This is one of my favorite pictures from the shoot.  This is clearly an art-deco design and all the subtle weathering and wear has really added a lot of character.  The only possible way this scene could be any better is if the sign was completely refurbished as it sits lit above the door welcoming customers to a thriving store.  Sadly, all that was heard as we stood in this spot was silence, save for the odd car that passed by as the occupants went about their busy lives without any understanding of the significance of the building they just passed.

Ian's Coffee Shop / Turner's News - Victoria, BC, Canada

Ian’s Coffee Shop / Turner’s News – Victoria, BC, Canada

Around back there was even a pickup window, a reminder of times when things were simpler.  Of times when drive-in restaurants and theaters were cornerstones of the communities we lived in.

We really have no clue as to what is going to become of Ian’s Diner and Turner’s News.  The building has been left in this state for about 10 years now.  The only information I was able to find about how it got here was that in the early 2000’s Ian had some form of an accident or injury at work and that’s when the doors were closed for the last time.

There are still some of us who recall the Coffee Shop and Ian Turner as is evidenced by a Facebook Fan Page for the building.  Posts are few and far between, and the last update goes back over a year.  The real gem here, though, is if you visit the photos section of the page.  There you will find a handful of absolutely incredible photographs that take us all back to the times when this was a busy place, a destination for everyone.  Even though the memories are becoming harder to find, there are still many of us that wax nostalgic when we stop and think about what this place, and what Ian himself, have meant to us and the community over the years.

Thank you for taking the time to visit and share this story with us here today, we really do appreciate it.  As always, we love to hear from all our visitors so we encourage you to leave us any comments that you may have.

Addendum: August 9, 2013

A wonderful friend and fan of our site shared a link to a music video by the “Cactus Pricks” called “Would You Still Dance” that features a few landmarks from the city of Victoria, including Ian’s Coffee Shop back in the day!  I believe we even see Ian himself making an appearance in the video!

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  1. Wow, does this post bring back memories! I’ve known that coffee shop forever, but never knew the story behind it. Thanks so much for researching and sharing it, Toad, and for the beautiful photos.

    • avatar ToadHollowPhoto says:

      Thank you so much for taking the time to pop by and see us here, Laurie, we sure do appreciate it! It really is a landmark here in the city, isn’t it. It seems that almost everyone we know has some form of a connection. We really appreciate your kindness and support!!

  2. avatar Jimi Jones says:

    Times and locations change, but these stories bear great similarities. In my birthplace of Baltimore Maryland, we have seen this exact scenario play out on more levels than can be counted. Many historic places that should have been preserved fell to neglect and eventually, the wrecking ball.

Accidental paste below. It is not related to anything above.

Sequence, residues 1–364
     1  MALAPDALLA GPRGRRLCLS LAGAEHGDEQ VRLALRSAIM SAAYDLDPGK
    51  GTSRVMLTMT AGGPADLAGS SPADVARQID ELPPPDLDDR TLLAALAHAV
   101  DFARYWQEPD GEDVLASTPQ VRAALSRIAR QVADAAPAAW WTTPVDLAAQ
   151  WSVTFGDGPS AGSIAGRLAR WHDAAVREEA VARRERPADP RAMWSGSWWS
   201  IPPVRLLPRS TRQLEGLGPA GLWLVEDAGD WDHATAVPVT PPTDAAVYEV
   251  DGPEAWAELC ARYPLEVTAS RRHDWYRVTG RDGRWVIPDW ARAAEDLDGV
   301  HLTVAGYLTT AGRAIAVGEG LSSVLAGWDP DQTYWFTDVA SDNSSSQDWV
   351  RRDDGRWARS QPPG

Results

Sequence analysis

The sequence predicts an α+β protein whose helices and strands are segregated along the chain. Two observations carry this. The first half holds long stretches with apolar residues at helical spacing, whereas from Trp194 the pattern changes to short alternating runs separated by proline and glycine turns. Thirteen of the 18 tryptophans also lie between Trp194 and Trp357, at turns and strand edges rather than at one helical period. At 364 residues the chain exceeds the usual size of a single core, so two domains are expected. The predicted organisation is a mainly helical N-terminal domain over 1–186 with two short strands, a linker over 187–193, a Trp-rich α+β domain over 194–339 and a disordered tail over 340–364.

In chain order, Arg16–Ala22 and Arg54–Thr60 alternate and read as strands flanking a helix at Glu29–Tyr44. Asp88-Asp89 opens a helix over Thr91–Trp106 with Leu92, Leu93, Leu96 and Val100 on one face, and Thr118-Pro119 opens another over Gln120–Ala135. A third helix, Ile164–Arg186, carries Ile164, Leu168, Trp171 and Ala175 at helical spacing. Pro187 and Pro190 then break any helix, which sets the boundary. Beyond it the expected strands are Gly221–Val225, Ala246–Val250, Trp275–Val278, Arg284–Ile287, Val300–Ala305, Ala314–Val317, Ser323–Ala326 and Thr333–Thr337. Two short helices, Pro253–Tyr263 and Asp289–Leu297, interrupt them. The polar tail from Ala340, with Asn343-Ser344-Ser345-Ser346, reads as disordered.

The photos and the story you tell here is amazing, Toad. I can feel a connection with this old place, although I have never been there.

    Excellent photos as always. it’s a great service to document what may well be the curtain-call of a bygone era in this community.

    Well done my friend, well done!

    • avatar ToadHollowPhoto says:

      *bows* Thanks so much, Jimi, your gracious and kind comments here mean so much to us! We are absolutely compelled to do this sort of work, if not for us photogs out there documenting these things, they could be lost forever. That’s just absolutely heartbreaking to us, so we get out there as much as we can to try and do something!! Thanks so much for your great background story and for taking the time to visit my friend!

  3. avatar Heather says:

    This breaks my heart. I would love to see this place alive again….beautiful work Toad….

    • avatar ToadHollowPhoto says:

      Thank you so, so much Heather! You are not alone in your sentiments, my dear friend. Many thanks for your visit today, we sure do appreciate it.

  4. avatar Jim Nix says:

    I just love that you care so deeply about things near to you that you take the time to research, write, photograph, and share it with us all – nicely done my friend

    • avatar ToadHollowPhoto says:

      We’re totally, totally honored by your thoughts here today, Jim, especially considering they come from you! Thanks so much, my friend, that means an awful lot.

  5. avatar ehpem says:

    Toads – you have clearly gone the extra mile on this one – the photos seem to have extra touches to make them even better than usual, and the story is so well told. I pass this place several times a week and have all the same responses as you to this spot, including the urge to photograph it (though I have not yet done so, and now I don’t need to). Great story and pictures.

    • avatar ToadHollowPhoto says:

      Thank you so much, my good friend! That means a ton to us coming from you. It seems that this island of ours has captured our hearts and our minds and we are absolutely compelled to try and do something to preserve some of these things for future generations, even if it is just in a photograph. I cannot tell you how much we appreciate you taking the time to pop by and leave us these great comments, Ehpem, thank you!!!